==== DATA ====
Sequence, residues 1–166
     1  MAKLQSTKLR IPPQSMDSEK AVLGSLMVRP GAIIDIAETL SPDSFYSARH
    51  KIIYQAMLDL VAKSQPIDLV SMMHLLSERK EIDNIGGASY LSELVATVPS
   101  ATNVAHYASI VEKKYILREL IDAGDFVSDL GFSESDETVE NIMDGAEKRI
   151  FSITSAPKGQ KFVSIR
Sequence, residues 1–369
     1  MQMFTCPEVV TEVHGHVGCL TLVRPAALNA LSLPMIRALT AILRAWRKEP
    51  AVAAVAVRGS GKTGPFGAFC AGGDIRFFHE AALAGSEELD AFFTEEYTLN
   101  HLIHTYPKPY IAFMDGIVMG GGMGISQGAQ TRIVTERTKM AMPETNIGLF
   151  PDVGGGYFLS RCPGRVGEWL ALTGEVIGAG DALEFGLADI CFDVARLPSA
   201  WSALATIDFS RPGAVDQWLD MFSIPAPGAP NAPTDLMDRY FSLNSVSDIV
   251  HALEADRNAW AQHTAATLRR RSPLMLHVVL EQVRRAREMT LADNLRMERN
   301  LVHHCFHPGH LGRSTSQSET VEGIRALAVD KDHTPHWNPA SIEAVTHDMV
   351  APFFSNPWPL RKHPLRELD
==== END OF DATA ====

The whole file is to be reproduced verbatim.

Sequence, residues 1–166
     1  MAKLQSTKLR IPPQSMDSEK AVLGSLMVRP GAIIDIAETL SPDSFYSARH
    51  KIIYQAMLDL VAKSQPIDLV SMMHLLSERK EIDNIGGASY LSELVATVPS
   101  ATNVAHYASI VEKKYILREL IDAGDFVSDL GFSESDETVE NIMDGAEKRI
   151  FSITSAPKGQ KFVSIR
Sequence, residues 1–369
     1  MQMFTCPEVV TEVHGHVGCL TLVRPAALNA LSLPMIRALT AILRAWRKEP
    51  AVAAVAVRGS GKTGPFGAFC AGGDIRFFHE AALAGSEELD AFFTEEYTLN
   101  HLIHTYPKPY IAFMDGIVMG GGMGISQGAQ TRIVTERTKM AMPETNIGLF
   151  PDVGGGYFLS RCPGRVGEWL ALTGEVIGAG DALEFGLADI CFDVARLPSA
   201  WSALATIDFS RPGAVDQWLD MFSIPAPGAP NAPTDLMDRY FSLNSVSDIV
   251  HALEADRNAW AQHTAATLRR RSPLMLHVVL EQVRRAREMT LADNLRMERN
   301  LVHHCFHPGH LGRSTSQSET VEGIRALAVD KDHTPHWNPA SIEAVTHDMV
   351  APFFSNPWPL RKHPLRELD